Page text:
Reading with babies from birth 

By Raising Children Network January 23, 2024 11:33 pm

Reading books, talking about pictures, sharing stories, and singing rhymes and songs help your baby’s development in many ways

Doing these activities every day helps your baby get familiar with speech sounds, words, pictures and books. This builds your baby’s early language skills and early literacy skills and helps them go on to read successfully later in life. 

Reading stories also stimulates your baby’s imagination and helps them learn about the world around them. It’s a great time for you to bond with your baby and share time together too. 

As babies develop in the first year of life, the way they engage with books changes. 

In the first 3 months, your baby might enjoy sitting on your lap and gazing at the pictures while you slowly read aloud. Your baby might pay attention to the book for only a few minutes. 

By 6 months, your baby will start to take a more active role in story time. Your baby might grab, pat, handle or even try to chew books. Your baby might communicate with you by cooing, babbling and smiling. 

By 9 months, your baby will start to engage more directly with the words and pictures in books. For example, your baby might babble while looking at pictures or try to lift up flaps. Your baby will also want to hold books and try to turn pages.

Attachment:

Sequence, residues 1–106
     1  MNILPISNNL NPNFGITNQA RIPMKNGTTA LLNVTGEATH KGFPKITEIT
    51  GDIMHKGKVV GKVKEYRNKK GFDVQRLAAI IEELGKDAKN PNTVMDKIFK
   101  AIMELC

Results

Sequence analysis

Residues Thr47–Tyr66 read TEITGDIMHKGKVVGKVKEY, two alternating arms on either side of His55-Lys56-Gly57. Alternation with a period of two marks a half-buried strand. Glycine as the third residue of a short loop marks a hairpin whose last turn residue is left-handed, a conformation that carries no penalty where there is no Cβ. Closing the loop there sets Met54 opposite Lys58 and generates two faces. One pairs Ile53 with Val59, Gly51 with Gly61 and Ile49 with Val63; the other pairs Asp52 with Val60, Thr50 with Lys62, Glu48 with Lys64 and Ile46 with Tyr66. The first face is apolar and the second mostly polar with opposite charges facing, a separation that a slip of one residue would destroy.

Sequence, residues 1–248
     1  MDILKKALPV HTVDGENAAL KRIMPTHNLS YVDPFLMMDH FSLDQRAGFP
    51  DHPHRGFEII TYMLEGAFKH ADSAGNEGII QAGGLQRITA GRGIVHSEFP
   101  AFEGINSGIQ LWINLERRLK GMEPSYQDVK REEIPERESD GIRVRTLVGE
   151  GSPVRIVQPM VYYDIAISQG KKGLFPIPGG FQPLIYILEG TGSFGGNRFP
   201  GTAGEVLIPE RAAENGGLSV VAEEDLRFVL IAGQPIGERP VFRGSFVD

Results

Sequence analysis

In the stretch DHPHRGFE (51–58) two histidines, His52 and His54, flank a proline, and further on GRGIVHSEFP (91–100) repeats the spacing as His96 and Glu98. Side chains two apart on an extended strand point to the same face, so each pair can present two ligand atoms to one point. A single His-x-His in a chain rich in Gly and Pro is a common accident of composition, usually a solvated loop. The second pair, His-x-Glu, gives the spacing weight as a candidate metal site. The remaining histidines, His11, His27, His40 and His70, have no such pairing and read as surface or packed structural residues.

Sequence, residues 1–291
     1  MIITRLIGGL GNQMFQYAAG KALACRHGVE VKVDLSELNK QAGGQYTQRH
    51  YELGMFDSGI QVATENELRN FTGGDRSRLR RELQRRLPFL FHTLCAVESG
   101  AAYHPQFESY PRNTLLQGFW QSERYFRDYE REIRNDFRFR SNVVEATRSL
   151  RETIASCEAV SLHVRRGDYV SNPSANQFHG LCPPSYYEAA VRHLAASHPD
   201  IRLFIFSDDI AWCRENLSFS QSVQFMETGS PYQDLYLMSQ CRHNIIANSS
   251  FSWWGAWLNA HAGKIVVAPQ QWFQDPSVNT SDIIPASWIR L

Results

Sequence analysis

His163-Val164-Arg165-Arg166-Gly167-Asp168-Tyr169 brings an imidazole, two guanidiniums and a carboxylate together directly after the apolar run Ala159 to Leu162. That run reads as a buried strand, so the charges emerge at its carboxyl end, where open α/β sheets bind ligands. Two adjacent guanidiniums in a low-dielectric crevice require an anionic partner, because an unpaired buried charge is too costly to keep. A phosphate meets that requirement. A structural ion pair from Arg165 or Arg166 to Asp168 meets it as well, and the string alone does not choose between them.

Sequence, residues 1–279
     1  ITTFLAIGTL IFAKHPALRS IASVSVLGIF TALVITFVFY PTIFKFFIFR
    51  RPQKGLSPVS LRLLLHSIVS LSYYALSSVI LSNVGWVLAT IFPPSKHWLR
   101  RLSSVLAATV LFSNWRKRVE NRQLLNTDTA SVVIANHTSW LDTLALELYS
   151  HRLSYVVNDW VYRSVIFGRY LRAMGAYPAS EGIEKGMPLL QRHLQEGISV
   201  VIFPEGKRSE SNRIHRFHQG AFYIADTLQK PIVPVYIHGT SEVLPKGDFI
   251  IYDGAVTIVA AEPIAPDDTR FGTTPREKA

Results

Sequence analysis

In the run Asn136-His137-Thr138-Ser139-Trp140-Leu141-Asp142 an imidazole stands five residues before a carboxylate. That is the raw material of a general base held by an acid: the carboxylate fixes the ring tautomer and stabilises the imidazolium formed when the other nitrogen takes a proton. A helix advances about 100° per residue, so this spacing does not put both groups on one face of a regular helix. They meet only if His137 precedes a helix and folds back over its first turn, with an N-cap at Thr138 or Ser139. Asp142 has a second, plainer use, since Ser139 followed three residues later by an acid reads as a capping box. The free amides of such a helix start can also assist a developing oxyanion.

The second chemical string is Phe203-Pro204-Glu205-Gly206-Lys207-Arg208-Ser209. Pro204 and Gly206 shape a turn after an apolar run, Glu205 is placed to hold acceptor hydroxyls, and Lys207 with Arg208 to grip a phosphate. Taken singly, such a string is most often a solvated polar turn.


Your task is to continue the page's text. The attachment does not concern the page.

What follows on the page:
By 12 months, your baby will love being involved in story time. Your baby can turn the book the right way up, point to pictures, and make animal noises or car and truck sounds. Your baby might even enjoy looking at books by themselves. Your baby will like to carry books around (if they’re walking) and will probably want you to read their favourite books many times. 

Tips for reading with babies 

Here’s how you can help your baby learn and develop through reading with you: 

  • Follow your baby’s lead, read slowly and spend time looking at the pictures after you read the words. This lets your baby focus on the sounds and shapes of words and also on pictures. 
  • Turn the pages slowly when you read with your baby. This shows your baby how to use a book. 
  • Point out, name and talk about familiar and new things your baby sees on the page, instead of only reading the words. For example, ‘That’s a bunny. Look. The bunny is hopping away’. 
  • Change the tone of your voice as you read. This makes it easier for your baby to notice different speech sounds, which is an important step towards learning to talk. 

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